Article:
Notre Dame, Paris
Camello Sitte, an urban planner in the late 1880s was disturbed by the radical changes modern planning was having on the urban fabric of Europe.
He believed that, through the understanding of how cities developed over time, planners could continue to build beautiful spaces that also reflected the lifestyles of a new Industrial Age.
After our recent return from Europe, I found his reflections expressed a certain truth that still applies today:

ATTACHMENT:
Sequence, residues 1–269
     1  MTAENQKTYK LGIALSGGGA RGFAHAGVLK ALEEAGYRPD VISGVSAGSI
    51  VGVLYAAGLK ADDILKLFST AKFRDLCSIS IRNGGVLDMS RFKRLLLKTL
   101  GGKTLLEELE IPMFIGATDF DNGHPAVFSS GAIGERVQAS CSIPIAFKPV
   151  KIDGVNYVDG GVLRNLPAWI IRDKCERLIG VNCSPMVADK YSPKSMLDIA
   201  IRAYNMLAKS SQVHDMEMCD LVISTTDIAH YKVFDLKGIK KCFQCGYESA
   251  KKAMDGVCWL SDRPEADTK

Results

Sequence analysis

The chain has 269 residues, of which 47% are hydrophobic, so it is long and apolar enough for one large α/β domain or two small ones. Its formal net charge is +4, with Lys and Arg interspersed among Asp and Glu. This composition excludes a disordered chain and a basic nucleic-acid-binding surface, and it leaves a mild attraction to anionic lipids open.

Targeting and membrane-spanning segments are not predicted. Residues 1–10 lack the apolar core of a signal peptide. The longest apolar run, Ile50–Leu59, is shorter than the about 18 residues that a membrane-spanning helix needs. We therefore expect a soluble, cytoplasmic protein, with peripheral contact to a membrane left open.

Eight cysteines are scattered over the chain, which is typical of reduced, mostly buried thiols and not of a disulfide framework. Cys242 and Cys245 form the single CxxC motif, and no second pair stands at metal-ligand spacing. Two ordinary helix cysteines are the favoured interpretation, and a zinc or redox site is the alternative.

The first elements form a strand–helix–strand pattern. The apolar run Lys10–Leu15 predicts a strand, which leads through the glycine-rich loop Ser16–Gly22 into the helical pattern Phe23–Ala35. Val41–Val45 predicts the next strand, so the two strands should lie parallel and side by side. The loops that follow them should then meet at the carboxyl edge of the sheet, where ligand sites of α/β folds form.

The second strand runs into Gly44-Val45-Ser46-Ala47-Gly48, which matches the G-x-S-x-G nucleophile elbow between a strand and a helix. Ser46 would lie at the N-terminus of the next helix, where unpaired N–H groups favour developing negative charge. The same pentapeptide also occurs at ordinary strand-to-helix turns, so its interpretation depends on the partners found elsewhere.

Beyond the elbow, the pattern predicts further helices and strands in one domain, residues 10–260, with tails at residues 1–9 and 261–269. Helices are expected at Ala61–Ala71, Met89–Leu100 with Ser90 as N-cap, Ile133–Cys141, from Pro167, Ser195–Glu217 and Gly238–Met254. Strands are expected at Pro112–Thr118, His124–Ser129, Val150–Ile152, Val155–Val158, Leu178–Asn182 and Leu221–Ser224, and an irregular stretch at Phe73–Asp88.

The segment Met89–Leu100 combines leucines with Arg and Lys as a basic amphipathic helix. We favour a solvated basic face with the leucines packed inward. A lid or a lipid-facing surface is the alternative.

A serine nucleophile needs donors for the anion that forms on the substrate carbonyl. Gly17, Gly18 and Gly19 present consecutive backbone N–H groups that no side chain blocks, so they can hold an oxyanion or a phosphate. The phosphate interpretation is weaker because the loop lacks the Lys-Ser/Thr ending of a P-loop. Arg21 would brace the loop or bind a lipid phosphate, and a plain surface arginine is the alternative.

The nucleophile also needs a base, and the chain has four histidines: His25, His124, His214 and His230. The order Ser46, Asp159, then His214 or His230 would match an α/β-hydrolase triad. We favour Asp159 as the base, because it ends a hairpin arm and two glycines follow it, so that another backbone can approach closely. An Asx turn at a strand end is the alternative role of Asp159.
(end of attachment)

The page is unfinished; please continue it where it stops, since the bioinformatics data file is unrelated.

“Enchanting recollections of travel form part of our most pleasant reveries. Magnificent town views, monuments and public squares, beautiful vistas all parade before our musing eye, and we savor again the delights of the sublime and graceful things in whose presence we were once so happy.
To linger! If we could but linger again in those places whose beauties never waned; surely we would then be able to endure many difficult hours with a lighter heart, and carry on, the strengthened, in the eternal struggle of this existence…Anyone who has enjoyed the charms of an ancient city would hardly disagree with this idea of a strong influence of physical setting on human soul.”